(This is a nice summary of recent research findings - from the UK Muscular dystrophy newsletter - you can read more about this work, and the work done by researchers funded by Friends of FSH Research on our website)
New research increases understanding of facioscapulohumeral muscular dystrophy.
An international group of scientists has shed further light on the molecular mechanism that causes facioscapulohumeral muscular dystrophy (FSH). Recent research has provided evidence that the piece of DNA that is changed in people with FSH contains a gene called DUX4, the function of which is so far unknown. The results of this new research provide evidence that the DUX4 gene can produce different versions of DUX4 protein and that the deletion in patients with FSH leads to the production of a version that is toxic for muscle cells. These important findings will be vital to bring scientists closer to developing a treatment.FSH is caused by changes to a region of DNA on chromosome 4 called D4Z4 that has the same piece of DNA code repeated many times. In healthy individuals the number of repeats varies between 11 and 100. People with FSH have less than 11 repeats. Recent research demonstrated that the repeated section of DNA contains a gene called DUX4. The reduction in the number of repeats on D4Z4 to less than 11 changes the way this piece of DNA is folded (this is known as the chromatin structure). This exposes the DNA code to be read by the cell, like opening a book. They also showed that an activation signal also needs to be present next to the DUX4 gene. In other words, the book needs to be open and the light switched on before you can read it. Read more about these previous results.
But this is not the whole story and this new research builds on these previous findings to further clarify the mechanism causing FSH.
Contentsprotein that is produced from the instructions in the DUX4 gene. They found that the DUX4 protein was made in two forms - a full-length and a shortened version. The full-length protein could not be found in the muscles of people unaffected by FSH, instead the shorter version of the protein was found. Of the tissues they examined, the full-length version was only present in testes. However, muscle samples from people with FSH were found to be producing the full length DUX4 protein. It should be noted that in people with FSH only a very small proportion of muscle cells produce the longer version of the protein.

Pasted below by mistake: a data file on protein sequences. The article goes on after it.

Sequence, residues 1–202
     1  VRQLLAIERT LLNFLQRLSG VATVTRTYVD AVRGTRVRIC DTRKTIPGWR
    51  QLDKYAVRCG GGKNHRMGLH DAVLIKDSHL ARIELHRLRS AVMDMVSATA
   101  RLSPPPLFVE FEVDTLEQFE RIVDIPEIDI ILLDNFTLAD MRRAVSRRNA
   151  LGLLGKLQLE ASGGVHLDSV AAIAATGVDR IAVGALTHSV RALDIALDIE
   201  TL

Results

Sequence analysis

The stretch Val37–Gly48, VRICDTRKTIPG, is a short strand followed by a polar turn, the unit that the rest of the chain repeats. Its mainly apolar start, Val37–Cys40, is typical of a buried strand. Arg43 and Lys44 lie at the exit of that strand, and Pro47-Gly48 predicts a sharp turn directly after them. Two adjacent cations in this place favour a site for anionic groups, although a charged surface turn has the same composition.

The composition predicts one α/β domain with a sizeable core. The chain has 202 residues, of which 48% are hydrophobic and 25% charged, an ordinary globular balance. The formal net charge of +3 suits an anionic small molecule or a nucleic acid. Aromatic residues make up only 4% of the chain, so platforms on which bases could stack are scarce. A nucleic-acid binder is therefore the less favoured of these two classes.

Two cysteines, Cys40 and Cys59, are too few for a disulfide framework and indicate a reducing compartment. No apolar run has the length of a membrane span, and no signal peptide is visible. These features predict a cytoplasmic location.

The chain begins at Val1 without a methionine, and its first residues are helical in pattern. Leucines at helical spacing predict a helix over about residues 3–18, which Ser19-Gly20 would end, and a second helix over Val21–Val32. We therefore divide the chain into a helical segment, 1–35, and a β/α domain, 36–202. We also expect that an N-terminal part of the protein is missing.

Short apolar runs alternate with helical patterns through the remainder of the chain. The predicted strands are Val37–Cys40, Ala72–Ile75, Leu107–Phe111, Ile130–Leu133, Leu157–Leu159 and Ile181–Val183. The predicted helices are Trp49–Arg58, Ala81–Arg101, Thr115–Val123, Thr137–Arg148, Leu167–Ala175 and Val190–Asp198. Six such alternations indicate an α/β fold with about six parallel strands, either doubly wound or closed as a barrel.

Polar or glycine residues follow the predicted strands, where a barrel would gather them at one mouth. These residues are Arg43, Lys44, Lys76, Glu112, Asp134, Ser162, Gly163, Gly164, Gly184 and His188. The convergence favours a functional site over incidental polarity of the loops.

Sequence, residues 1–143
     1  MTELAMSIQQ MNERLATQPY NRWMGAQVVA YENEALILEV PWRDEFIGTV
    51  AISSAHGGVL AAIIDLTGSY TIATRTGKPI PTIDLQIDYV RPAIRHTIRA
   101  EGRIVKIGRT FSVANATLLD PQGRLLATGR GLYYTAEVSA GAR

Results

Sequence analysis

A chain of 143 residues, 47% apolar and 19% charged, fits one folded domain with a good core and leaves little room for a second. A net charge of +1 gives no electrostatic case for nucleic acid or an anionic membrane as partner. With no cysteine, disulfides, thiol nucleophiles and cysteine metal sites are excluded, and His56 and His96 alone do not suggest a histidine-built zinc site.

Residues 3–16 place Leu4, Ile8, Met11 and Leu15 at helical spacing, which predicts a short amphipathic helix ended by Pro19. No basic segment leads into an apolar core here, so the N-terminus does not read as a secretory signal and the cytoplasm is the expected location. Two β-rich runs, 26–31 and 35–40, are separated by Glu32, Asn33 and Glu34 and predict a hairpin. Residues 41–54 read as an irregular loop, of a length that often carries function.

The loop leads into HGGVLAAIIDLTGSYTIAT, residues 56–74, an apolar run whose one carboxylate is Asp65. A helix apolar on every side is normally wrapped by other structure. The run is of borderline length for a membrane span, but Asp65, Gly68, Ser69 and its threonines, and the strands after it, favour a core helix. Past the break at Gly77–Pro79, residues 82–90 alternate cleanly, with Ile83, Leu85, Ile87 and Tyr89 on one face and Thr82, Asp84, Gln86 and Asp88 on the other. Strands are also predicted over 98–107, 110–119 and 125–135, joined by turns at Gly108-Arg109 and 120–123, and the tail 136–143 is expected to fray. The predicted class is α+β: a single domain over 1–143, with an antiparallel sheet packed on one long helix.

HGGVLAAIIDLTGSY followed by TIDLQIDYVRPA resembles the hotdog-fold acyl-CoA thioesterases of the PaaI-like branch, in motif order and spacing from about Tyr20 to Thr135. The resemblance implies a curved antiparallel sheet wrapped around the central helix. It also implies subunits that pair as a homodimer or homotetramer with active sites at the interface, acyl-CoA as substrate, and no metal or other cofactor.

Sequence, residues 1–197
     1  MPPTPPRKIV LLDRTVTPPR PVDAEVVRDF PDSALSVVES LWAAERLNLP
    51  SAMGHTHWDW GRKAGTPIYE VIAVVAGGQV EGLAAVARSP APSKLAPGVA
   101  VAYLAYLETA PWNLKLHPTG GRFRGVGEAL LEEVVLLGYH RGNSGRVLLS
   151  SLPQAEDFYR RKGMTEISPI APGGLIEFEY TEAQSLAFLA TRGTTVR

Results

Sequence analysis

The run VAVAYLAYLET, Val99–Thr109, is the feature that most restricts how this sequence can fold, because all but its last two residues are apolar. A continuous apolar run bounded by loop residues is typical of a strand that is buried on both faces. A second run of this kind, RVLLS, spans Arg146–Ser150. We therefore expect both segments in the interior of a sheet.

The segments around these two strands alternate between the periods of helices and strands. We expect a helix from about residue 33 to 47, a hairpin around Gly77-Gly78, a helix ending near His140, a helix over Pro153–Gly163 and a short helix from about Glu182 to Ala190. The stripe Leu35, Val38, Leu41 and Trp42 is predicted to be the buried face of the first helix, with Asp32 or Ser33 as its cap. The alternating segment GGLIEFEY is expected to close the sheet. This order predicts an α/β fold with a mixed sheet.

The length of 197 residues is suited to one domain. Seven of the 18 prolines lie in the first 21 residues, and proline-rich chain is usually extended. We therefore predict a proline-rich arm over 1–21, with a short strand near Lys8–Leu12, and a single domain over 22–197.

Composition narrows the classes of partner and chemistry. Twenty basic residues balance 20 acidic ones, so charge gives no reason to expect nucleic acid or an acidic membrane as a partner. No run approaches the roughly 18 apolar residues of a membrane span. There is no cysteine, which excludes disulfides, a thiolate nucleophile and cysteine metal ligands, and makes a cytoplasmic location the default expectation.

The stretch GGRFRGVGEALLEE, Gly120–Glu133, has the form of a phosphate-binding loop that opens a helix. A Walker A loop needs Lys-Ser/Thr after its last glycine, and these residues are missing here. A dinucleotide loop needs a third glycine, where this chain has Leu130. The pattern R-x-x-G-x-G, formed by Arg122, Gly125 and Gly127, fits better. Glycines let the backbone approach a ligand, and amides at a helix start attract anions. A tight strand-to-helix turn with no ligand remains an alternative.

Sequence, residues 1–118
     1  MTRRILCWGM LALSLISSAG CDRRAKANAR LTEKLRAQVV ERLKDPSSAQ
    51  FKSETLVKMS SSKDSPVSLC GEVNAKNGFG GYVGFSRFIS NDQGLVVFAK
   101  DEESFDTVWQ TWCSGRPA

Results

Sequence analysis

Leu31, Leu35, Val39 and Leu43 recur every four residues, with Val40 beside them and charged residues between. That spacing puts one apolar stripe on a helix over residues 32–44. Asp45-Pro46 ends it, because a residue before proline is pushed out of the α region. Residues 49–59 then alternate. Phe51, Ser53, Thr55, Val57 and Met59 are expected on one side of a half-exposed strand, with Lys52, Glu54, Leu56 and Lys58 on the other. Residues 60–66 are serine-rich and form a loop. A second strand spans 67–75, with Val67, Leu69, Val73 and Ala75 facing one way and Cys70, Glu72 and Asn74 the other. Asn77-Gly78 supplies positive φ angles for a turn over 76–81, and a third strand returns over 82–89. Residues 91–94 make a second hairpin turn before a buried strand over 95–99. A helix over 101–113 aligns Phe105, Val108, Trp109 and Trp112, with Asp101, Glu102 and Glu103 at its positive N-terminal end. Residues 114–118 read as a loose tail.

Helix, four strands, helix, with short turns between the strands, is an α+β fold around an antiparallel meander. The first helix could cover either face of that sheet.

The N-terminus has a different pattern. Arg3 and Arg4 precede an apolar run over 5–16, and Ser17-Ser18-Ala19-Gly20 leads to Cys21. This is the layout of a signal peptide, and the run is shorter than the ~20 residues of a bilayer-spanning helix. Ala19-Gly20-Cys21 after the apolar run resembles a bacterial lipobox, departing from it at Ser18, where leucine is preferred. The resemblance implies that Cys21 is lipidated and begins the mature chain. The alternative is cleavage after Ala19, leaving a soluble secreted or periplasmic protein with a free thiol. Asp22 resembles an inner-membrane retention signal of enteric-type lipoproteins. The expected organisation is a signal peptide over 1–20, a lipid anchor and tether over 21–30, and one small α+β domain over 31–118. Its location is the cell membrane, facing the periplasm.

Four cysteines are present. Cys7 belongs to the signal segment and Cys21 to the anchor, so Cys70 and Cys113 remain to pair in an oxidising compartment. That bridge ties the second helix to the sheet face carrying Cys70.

These results suggest that muscle cells actively read the DUX4 gene but the protein is processed differently in people with FSH. This leads to the production of the full-length version that is not found in the muscle cells of people unaffected with FSH. It is thought that the way the DNA is folded may be determining this. In healthy cells the DNA is more tightly coiled and this may be influencing the cell to "cut out" parts of the DUX4 protein to create the shortened version. The DNA in the FSH muscle is much more loosely folded, due to the smaller number of repeats, and so this signal to "cut out" part of the protein is missing.
The researchers also analysed "induced pluripotent stem cells" (iPS). These are made in the laboratory by reprogramming cells that already have a dedicated function, such as skin cells, so that they become stem cells. iPS cells are a useful tool for stem cell research and can be used to model disease processes. When researchers looked at iPS cells made from skin they found that they produced the full-length DUX4 protein which did not seem to be toxic for this cell type.
The researchers have suggested that the fact that the full-length version of the DUX4 protein is produced only in stem cells and testicular tissue might mean that it has a possible role during early development. In adult tissue, especially in muscle, the production of the full-length protein is switched off and the shorter version is produced. The changes in the DNA in people with FSH somehow have the effect that this switch is not happening. The muscle cells keep on making the full-length DUX4 protein that becomes toxic to the cells, inducing muscle damage.
It is still not fully understood what the function the DUX4 protein is and why the full-length DUX4 protein appears to be toxic to the muscle and researchers will continue to investigate this. This current piece of research and the other recent findings about FSH have however, highlighted a target which researchers can now take advantage of to potentially start developing a therapy for this condition.